Brian, you asked if $765 or $1,275 come close to buying that comparative quality today. I say maybe, maybe not. Here's a decent "Consumer's Guide" to rifle scopes.
Well, almost decent. It suggests the "box" test for checking a scope's mechanical repeatability. To me, if you want to trust the numbers derived from box testing a scope, you gotta use something you can shoot no worse than 1/10th MOA at 100 yards if you want your data to be accurate to 1/4 MOA. If you shoot your stuff no better than 3/4 MOA, your box test accuracy will be no better than about 1 MOA or a bit more. But it will let you find out if your scope's adjustments and zoom lens positioning are bad or horrible; nothing any better.
You'll get very accurate results putting an optical collimator in your barrel's muzzle, then setting the scope's reticule on it and boxing the adjustmenss 5 or 10 MOA on it. Also watch the reticule figure 8 about the collimator as you zoom power from limit to limit. But nobody puts this method anyplace on the internet except me. Surely, I'm not the only person who's figured this out.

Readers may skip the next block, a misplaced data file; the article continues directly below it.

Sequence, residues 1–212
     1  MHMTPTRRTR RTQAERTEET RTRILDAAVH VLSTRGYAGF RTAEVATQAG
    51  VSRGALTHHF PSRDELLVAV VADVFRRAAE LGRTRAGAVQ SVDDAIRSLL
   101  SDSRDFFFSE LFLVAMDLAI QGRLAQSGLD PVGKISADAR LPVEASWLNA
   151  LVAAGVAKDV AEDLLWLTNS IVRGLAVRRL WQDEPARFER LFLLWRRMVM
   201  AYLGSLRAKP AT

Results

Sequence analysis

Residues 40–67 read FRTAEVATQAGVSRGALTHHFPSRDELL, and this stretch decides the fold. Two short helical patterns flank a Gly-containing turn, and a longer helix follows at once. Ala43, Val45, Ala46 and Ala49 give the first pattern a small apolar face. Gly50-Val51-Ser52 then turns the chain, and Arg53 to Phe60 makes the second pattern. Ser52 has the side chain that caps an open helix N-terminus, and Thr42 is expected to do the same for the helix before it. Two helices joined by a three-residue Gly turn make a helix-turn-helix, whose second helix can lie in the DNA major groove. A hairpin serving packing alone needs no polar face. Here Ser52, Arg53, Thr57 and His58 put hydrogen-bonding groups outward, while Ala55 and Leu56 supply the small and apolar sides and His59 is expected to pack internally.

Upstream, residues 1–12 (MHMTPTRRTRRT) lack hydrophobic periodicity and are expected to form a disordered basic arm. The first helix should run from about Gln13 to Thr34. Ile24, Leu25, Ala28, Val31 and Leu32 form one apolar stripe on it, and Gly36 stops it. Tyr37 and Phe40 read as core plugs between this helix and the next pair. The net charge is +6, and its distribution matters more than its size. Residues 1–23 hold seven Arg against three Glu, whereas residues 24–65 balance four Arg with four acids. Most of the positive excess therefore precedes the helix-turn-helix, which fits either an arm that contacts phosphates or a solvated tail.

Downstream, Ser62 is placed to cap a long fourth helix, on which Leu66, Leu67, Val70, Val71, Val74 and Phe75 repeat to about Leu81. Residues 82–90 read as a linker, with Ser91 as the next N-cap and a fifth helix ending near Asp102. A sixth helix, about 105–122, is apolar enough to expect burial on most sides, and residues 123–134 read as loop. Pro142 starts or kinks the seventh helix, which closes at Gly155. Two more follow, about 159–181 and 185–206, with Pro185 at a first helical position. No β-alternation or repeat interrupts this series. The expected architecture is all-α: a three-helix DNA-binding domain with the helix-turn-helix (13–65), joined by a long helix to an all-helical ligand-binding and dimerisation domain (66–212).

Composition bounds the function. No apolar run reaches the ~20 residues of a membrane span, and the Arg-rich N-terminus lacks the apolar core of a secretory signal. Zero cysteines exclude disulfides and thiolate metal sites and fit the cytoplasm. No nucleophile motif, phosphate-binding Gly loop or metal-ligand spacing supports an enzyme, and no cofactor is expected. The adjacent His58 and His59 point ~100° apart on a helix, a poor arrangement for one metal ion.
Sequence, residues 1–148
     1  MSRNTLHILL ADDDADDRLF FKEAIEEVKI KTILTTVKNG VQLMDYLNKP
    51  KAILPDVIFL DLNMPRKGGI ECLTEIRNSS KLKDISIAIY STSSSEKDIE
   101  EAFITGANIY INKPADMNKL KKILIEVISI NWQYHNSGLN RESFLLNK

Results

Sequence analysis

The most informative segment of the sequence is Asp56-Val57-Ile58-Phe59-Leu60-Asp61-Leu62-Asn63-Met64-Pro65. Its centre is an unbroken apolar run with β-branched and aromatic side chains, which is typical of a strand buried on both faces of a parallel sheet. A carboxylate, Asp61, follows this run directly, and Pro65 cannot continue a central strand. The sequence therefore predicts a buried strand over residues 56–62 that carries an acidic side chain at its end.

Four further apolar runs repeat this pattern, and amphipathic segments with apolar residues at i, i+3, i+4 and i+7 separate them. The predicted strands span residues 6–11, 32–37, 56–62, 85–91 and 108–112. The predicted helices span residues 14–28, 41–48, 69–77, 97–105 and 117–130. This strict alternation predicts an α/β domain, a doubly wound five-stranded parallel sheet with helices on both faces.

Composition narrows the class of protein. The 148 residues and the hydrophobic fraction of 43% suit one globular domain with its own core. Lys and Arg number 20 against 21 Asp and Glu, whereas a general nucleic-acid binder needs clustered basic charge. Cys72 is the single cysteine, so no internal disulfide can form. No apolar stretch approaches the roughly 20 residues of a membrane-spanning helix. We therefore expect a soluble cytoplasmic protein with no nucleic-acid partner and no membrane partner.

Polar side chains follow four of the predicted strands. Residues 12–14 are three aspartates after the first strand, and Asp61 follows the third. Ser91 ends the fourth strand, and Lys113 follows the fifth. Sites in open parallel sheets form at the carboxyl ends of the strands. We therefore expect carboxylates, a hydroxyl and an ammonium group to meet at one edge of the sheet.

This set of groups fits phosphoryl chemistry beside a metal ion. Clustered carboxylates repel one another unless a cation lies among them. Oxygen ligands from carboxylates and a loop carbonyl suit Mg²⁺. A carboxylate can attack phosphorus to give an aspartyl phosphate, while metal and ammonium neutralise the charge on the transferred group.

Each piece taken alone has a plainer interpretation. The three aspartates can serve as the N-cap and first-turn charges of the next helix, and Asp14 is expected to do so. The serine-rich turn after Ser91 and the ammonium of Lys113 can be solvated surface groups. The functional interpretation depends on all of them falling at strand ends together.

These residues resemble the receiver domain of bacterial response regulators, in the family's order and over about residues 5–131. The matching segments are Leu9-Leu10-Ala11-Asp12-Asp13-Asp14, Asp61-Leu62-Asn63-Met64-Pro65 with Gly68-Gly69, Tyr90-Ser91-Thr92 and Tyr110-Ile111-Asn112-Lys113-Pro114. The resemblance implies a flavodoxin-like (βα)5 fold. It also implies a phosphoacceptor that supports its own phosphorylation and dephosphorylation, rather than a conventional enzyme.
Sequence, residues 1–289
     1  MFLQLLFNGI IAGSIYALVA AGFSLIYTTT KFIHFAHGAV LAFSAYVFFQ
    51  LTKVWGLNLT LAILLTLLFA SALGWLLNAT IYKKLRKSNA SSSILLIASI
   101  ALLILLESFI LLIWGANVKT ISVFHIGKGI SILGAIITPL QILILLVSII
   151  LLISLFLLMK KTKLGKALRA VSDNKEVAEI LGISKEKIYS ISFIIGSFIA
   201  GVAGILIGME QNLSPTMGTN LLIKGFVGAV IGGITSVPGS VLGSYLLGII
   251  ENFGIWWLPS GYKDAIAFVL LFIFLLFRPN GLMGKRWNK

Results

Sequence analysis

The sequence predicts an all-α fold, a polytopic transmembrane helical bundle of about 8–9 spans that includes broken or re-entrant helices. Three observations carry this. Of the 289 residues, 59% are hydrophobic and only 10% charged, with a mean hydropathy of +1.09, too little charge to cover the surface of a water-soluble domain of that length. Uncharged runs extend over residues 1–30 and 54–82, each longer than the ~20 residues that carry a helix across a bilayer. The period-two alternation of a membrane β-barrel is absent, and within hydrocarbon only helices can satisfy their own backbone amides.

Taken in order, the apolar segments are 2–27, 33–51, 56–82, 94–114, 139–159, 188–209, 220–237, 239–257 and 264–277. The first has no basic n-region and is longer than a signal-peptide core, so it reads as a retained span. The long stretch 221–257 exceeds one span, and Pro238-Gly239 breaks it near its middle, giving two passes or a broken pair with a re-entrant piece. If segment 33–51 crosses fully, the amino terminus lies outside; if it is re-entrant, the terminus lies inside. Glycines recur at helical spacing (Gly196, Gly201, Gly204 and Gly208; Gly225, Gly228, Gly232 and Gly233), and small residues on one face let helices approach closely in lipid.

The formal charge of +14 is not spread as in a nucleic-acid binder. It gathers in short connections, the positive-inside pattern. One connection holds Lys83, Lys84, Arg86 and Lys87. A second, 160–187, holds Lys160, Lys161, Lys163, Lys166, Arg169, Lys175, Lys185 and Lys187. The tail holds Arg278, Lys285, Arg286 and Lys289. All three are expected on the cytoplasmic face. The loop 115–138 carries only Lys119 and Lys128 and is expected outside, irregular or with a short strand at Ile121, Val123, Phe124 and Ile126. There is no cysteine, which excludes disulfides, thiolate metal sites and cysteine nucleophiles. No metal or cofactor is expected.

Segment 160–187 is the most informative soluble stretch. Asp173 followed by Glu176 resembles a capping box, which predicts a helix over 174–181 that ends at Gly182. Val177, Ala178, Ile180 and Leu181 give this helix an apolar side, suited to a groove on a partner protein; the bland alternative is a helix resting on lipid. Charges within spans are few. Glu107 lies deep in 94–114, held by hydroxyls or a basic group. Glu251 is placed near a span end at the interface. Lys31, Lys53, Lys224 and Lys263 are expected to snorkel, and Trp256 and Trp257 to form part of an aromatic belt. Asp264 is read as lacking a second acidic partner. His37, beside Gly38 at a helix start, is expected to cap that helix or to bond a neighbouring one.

Note the Weaver T36 still has excellent adjustment s but still's a bit weak in the optics. If one doesn't need to count the hairs per square centimeter on an animal or dots per square inch on a picture, both at longer ranges, that's a good scope.
Nightforce scopes seem to ride a lot of rifles used to shoot good scores and groups and the get rave reviews. That's good because I tested one back in the early 1990's. I'd called Nightforce to ask a question on their scopes' optical and mechanical qualities and the man said he would send me one to test; totally free of charge. On my home-made scope tester, it had 3/4 MOA hysteriesis (figure 8 movement of the reticule when zooming power from limit to limit), 1/2 MOA adjustment slop and looseness from simulated recoil in both E and W (as seen on the collimator in my scope tester) and focus was sharp at about 200 yards and no further when the objective lens was set at its infinity stop. So I returned that scope with a letter detailing what I had observed. Never heard back from them.